Register to reply

Confusion over flow rates

Share this thread:
Jun3-10, 09:24 PM
P: 1
Hi. I'm currently working with an ignition system that involves the outlet of a mixture of gases into atmospheric pressure.(the temperature just at the exit is assumed to be 200 degrees C).

Nitrogen is the predominant component. Propane is mixed well before the exit with this nitrogen and heated to about 200 degrees C. The percentage of propane in nitrogen ranges from 5 to 15%. Both components are fed into a Tee via individual sonic nozzles.

Somewhere in our calculations we encounter the "total volumetric flow rate" at the outlet.
Which of these statements is true?

1)The total volumetric flow rate is equal to the sum of the individual volumetric flow-rates of the gases (propane and nitrogen) weighted by their mass fractions.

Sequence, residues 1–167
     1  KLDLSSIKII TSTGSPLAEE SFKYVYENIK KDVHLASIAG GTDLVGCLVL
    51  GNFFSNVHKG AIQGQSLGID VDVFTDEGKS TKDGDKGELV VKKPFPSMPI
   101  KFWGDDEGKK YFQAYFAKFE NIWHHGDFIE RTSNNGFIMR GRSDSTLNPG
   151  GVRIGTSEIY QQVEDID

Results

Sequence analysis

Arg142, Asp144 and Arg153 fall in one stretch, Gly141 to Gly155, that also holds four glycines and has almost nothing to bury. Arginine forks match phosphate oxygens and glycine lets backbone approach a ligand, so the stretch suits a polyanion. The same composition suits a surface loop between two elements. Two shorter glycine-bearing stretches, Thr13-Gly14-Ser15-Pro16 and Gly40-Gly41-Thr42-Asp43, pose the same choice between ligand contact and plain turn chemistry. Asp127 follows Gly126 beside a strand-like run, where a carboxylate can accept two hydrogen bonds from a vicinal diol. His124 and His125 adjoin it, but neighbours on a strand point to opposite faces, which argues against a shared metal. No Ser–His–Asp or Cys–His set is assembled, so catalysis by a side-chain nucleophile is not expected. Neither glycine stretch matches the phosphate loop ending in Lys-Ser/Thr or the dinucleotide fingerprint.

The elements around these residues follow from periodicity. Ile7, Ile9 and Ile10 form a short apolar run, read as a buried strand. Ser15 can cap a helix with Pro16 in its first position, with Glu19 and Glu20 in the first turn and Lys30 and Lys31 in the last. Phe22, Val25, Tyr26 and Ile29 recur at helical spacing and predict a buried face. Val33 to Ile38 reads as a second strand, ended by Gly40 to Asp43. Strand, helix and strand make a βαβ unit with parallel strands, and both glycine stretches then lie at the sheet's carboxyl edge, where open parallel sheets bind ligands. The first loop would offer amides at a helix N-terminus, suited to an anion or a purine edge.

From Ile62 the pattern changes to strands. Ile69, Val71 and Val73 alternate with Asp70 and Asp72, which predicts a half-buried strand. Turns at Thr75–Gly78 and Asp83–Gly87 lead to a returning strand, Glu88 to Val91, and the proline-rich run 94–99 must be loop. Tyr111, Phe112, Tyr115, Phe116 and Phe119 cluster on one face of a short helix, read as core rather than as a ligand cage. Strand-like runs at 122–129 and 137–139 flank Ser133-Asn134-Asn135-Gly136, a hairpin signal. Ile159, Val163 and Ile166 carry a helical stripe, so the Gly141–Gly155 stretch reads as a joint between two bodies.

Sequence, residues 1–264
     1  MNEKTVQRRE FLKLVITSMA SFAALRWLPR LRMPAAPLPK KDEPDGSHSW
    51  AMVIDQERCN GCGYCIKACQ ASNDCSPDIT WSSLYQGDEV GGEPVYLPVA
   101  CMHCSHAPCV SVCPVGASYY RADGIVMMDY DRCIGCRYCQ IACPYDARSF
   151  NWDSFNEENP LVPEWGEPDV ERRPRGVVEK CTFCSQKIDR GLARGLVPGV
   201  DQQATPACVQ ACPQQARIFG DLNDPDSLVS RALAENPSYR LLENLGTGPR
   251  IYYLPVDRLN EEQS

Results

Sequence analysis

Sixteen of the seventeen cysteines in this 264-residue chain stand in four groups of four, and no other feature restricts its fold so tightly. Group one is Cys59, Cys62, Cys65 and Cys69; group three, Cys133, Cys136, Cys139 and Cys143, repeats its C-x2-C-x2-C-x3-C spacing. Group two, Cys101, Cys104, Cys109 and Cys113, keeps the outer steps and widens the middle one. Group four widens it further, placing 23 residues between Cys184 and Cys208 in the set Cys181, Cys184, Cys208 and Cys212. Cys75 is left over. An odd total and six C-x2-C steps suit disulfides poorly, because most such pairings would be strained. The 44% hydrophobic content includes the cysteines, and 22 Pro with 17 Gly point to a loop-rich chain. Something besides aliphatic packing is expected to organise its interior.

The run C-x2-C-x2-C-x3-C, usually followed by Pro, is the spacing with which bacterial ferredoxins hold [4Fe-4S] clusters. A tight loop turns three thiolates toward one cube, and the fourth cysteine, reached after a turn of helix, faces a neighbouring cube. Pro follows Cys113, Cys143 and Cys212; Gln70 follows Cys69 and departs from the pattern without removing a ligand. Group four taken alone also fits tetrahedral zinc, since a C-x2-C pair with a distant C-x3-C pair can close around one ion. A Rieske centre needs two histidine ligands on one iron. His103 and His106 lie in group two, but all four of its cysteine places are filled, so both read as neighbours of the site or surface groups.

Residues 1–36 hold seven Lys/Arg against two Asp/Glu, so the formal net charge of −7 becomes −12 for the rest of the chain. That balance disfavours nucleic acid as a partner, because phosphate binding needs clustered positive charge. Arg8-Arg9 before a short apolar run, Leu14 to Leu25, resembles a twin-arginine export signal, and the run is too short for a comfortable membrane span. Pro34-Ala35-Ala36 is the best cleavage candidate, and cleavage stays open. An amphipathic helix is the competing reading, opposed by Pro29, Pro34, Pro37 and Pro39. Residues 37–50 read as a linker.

2)The mixture "sees" atmospheric pressure at the exit and since all the components are at the same temperature, we can use Amagat's law, which says that the volumetric flowrates are summed up (without any weighting) to give the total volumetric flowrate.
Phys.Org News Partner Chemistry news on
Proteins: New class of materials discovered
Study confirms water quality in glass and plastic bottles
Scientists develop a water splitter that runs on an ordinary AAA battery

Register to reply

Related Discussions
Ratio of Flow Rates. Introductory Physics Homework 2
Continuity Equation - Why do the flow rates have to be equal? General Physics 4
Question on flow rates over a weir. Engineering, Comp Sci, & Technology Homework 2
Flow Rates through multiple Valves Mechanical Engineering 3
Pressure and flow rates Introductory Physics Homework 1